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A U.S. court says Apple colluded to fix e-books prices
Though Apple says it will appeal, the ruling could benefit Amazon.
Managing Editor, B2B E-commerce
Topics: agency model, Amazon, antitrust, Apple, book publishers, Denise Cote, digital content, e-book pricing, e-books, e-commerce, Hachette, HarperCollins, Holtzbrinck, Macmillan, Pengui, Simon & Schuster, Sucharita Mulpuru, Top 500
A federal judge ruled today that Apple Inc. colluded with six major book publishers in 2010 to fix prices of e-books above the $9.99 prevailing price charged at the time by Amazon.com Inc.
Although the ruling could affect how Apple proceeds with sales of e-books and other digital media, one immediate outcome is that it reinforces Amazon’s position as the leading e-books seller, says Sucharita Mulpuru, vice president and principal analyst for e-business and channel strategies at Forrester Research Inc. By ruling that Apple was wrong to work with publishers to set prices under an “agency” model, through which the prices consumers pay were set by publishers instead of by Amazon and other retailers, the court underscored Amazon’s freedom to continue setting prices as low as it wants. “This cements Amazon’s continued dominance in the space” as the low-price leader, she says.
In the case, “United States v. Apple Inc., et al.,” U.S. District Court Judge Denise Cote found that the U.S. Department of Justice showed that Apple and the publishers “conspired with each other to eliminate retail price competition in order to raise book prices, and that Apple played a central role in facilitating and executing that conspiracy. Without Apple’s orchestration of this conspiracy, it would not have succeeded as it did in the spring of 2010.”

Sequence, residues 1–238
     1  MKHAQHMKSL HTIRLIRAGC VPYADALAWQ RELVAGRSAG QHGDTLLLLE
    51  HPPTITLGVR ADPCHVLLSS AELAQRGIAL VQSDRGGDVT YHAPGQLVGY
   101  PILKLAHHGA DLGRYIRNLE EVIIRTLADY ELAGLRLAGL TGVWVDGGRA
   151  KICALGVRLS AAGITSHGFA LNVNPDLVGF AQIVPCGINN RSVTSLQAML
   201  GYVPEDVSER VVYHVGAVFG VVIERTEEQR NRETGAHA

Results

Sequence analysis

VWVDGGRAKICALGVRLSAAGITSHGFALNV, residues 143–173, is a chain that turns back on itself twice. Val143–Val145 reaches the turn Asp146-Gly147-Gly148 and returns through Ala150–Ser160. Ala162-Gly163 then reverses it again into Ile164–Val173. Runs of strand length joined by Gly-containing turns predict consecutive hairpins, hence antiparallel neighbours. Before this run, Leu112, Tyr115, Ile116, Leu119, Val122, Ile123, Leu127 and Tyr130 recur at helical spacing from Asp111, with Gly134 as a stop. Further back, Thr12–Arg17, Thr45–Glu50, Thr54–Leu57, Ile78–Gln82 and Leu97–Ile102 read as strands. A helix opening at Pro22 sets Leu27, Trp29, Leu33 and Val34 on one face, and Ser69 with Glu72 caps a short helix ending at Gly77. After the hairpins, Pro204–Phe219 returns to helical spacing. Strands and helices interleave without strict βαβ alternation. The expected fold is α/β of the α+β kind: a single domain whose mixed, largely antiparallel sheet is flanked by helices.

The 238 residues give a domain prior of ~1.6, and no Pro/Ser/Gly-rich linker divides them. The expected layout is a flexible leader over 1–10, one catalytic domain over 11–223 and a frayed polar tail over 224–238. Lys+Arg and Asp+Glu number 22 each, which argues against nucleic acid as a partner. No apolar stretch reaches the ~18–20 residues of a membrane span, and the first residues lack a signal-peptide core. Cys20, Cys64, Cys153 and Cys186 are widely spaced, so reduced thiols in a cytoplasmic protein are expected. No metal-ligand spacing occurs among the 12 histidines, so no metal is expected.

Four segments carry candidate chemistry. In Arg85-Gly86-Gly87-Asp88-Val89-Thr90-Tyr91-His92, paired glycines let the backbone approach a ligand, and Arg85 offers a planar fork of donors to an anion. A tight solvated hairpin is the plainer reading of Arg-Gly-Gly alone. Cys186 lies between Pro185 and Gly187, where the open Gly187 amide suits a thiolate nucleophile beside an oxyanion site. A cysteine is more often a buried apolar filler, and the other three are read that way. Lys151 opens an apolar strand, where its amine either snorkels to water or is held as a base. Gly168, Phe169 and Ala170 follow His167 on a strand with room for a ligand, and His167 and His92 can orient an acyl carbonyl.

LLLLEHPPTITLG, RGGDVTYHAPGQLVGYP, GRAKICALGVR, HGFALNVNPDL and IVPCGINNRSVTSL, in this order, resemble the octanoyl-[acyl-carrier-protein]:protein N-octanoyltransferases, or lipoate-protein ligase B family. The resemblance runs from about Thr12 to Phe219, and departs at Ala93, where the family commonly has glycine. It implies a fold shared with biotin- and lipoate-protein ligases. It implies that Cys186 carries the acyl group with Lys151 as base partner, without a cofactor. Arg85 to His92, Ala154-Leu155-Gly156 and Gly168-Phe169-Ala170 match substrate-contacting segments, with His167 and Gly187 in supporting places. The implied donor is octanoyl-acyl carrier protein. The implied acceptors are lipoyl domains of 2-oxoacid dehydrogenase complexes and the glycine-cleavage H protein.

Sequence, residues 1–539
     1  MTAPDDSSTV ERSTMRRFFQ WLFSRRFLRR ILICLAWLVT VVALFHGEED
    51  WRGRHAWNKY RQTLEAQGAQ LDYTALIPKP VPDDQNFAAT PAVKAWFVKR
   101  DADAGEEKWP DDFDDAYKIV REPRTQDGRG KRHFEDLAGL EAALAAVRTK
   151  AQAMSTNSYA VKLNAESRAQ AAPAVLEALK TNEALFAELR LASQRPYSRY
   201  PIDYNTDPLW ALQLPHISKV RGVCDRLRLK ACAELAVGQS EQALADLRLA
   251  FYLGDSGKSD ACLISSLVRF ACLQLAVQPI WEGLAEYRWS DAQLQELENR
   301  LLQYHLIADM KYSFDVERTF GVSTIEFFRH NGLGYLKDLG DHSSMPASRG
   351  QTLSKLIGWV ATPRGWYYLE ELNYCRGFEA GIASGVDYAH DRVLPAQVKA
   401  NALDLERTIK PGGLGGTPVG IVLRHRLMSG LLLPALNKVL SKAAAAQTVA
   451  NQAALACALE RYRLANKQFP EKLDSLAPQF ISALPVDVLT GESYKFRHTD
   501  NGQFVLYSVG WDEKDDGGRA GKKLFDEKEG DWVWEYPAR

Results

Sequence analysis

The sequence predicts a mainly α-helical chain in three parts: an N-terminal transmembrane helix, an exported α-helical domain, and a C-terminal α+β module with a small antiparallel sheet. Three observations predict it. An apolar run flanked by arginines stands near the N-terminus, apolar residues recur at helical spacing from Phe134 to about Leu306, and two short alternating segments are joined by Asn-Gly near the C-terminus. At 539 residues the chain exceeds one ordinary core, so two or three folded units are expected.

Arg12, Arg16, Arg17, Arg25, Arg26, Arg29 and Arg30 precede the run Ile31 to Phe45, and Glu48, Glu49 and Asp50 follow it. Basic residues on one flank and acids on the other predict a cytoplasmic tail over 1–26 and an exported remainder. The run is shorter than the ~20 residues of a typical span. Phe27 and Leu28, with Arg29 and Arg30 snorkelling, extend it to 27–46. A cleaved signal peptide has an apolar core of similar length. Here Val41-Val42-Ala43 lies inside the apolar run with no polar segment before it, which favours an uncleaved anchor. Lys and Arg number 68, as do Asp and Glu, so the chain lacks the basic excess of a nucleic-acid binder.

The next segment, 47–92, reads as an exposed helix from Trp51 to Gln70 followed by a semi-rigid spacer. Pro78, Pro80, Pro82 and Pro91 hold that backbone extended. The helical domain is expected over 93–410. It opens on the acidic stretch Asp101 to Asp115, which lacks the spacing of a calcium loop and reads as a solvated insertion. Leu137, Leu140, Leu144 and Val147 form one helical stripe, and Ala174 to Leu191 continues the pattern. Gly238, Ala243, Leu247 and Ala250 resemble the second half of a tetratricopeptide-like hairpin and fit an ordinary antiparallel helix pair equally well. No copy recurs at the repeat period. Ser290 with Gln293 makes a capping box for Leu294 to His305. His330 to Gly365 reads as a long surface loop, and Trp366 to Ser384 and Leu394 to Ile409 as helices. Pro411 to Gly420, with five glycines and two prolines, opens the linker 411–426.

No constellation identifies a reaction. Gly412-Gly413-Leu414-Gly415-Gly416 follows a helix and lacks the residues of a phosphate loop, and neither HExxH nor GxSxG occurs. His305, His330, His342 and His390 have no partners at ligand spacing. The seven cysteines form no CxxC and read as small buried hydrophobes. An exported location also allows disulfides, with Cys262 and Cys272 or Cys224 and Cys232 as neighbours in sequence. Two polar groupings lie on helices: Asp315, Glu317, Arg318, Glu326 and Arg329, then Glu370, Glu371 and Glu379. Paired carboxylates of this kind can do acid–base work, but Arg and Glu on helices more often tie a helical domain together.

Apple denies that it conspired to fix e-book prices and plans to appeal, a spokesman says.
But Judge Cote, sitting in U.S. District Court for the Southern District of New York, said there was “very little dispute about many of the most material facts in this case.” Before Apple began to meet with the publishers named in the case, it knew that they “wanted to raise e-book prices, in particular above the $9.99 prevailing price charged by Amazon,” Judge Cote says in her ruling. The judge set no penalties or damages in her ruling, but noted that a forthcoming court action will determine damages.
The Justice Department filed the lawsuit in April 2012, charging that Apple colluded on e-books pricing with five publishers: Hachette Book Group Inc., HarperCollins Publishers LLC, Simon & Schuster, Penguin Group (USA) Inc., and Holtzbrinck Publishers LLC. Holtzbrinck operates under the Macmillan name.
The lawsuit charged that Apple and the publishers set up an agency model of setting prices, under which the publishers instead of the retailer set pricing, which included new prices of $12.99 and $14.99 for many books that had been sold by Amazon for $9.99. The five publishers have all since settled with the Justice Department.